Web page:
Fire up those green thumbs: it’s spring!

1st September 2020 | Eativity editors

There’s something so invigorating about this time of year. The longer, warmer days seem to awaken something within that’s been lying dormant over winter, and the thrill of new life and new beginnings adds a spring-fuelled spring to the step. This season is also a great time to get into edible gardening, and with lockdowns and social restrictions keeping us at home more, an increasing number of us are keen to learn more about growing our own food. So whether you’re a gardening newbie or an old hand, now is a great time for getting out into the garden and getting your hands dirty. Here’s our guide on how to get your garden ready, and what to plant right now. 

Gardening is a rewarding way to boost physical and mental wellbeing.

“Spring is a colourful time of the year in the garden, with plenty of perennials and annuals in full bloom,” says Katy Schreuder, Bunnings Horticulturalist. “The best vegies to plant now are tomatoes, chilli, capsicum, cucumber, salad greens, beetroot, peas and beans.”

Prep and planting top tips

Soil preparation is key to helping plants thrive throughout the year, Schreuder advises.

“For best results, improve your soil before planting with composts and manures,” she says. “It’s also important to maintain a regular watering regime, with a fortnightly application of a suitable vegetable fertiliser and seaweed extract to ensure strong, healthy growth.”

Schreuder also recommends that you protect tender seedlings from strong winds and late season frosts, and use canes and trellises for support as plants grow throughout spring.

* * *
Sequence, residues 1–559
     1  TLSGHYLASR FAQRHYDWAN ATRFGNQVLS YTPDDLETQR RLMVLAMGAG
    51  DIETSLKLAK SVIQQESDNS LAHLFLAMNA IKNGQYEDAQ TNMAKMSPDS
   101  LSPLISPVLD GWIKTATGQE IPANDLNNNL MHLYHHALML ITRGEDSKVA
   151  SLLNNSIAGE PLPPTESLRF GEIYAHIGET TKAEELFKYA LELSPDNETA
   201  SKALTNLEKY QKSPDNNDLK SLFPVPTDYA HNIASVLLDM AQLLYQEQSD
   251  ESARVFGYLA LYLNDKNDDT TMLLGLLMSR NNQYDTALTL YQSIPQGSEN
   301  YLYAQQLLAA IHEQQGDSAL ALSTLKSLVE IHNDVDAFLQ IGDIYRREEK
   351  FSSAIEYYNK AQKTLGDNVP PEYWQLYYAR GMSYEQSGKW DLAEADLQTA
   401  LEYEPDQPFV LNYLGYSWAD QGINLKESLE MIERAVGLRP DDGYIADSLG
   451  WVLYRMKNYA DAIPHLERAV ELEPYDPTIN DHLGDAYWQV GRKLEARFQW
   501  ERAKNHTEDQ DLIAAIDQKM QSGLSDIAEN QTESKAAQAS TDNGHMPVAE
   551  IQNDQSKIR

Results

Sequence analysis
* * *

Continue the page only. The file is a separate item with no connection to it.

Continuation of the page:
“Check regularly for pests and diseases, and use relevant products to control nasties before they cause any damage to your plants,” she says. “To keep weeds at bay, either pull them out by hand or use a spray that targets the weeds, but not your vegetables.”

You should also plant your fruit trees into rich soils, water them regularly and protect them from strong winds, Schreuder says. “Flower beds also love soil improvers and rich composts to help them thrive. Check your irrigation system is in good working order and apply water-saving mulches to your garden beds.”

Give your garden lots of love: soil prep and regular watering are key.

What to plant right now

Australia is a big country, and the climate varies widely, so to get the best results out of your edible garden, you should choose plants that are suited to the climate of your region. Here’s a quick guide, courtesy of Bunnings.


These are areas that don’t get frosts or only have occasional frosts. This encompasses the area north of Coffs Harbour in NSW, all the way across to Geraldton in the west.

Fruits and vegetables: passionfruit, pawpaw, avocado, banana, citrus, rocket, silverbeet, spring onion, lettuce, zucchini, pumpkin, leek, capsicum, cucumber, eggplant, tomatoes 

Herbs: parsley, sweet basil, dill, mint, marjoram, coriander, catnip


These are areas where there are low temps for long periods. This includes all of Tassie, most of Victoria, the southern highlands of NSW, the ACT and some of southern South Australia. 

Fruits and vegetables: strawberries, leeks, onions, parsnip, radishes, spinach, sweet corn, beetroot, tomatoes, peas, silverbeet, lettuce, swedes, turnips, cucumber

Herbs: basil, chives, coriander, dill, mint, oregano, parsley, sage, thyme 


These are areas where there are occasional winter frosts, including much of the rest of Australia, some areas of Victoria, most of South Australia and southern Western Australia.

Fruit and vegetables: blueberries, passionfruit, pawpaw, bananas, citrus, olives, spring onion, artichoke, celery, silverbeet, lettuce, leeks, climbing beans, sweet corn, tomatoes, carrots, radishes

Herbs: chives, parsley, catnip, sage, oregano, rosemary, thyme, marjoram

You can check out Bunnings’ full range of garden supplies here. You can also stay up to date with how Eativity Editor Moira Geddes’ own backyard vegie garden is progressing via our video page, or by following us on Facebook.

To make the most out of spring’s abundant bounty of fresh, super-nutritious seasonal produce, check out our spring eating guide.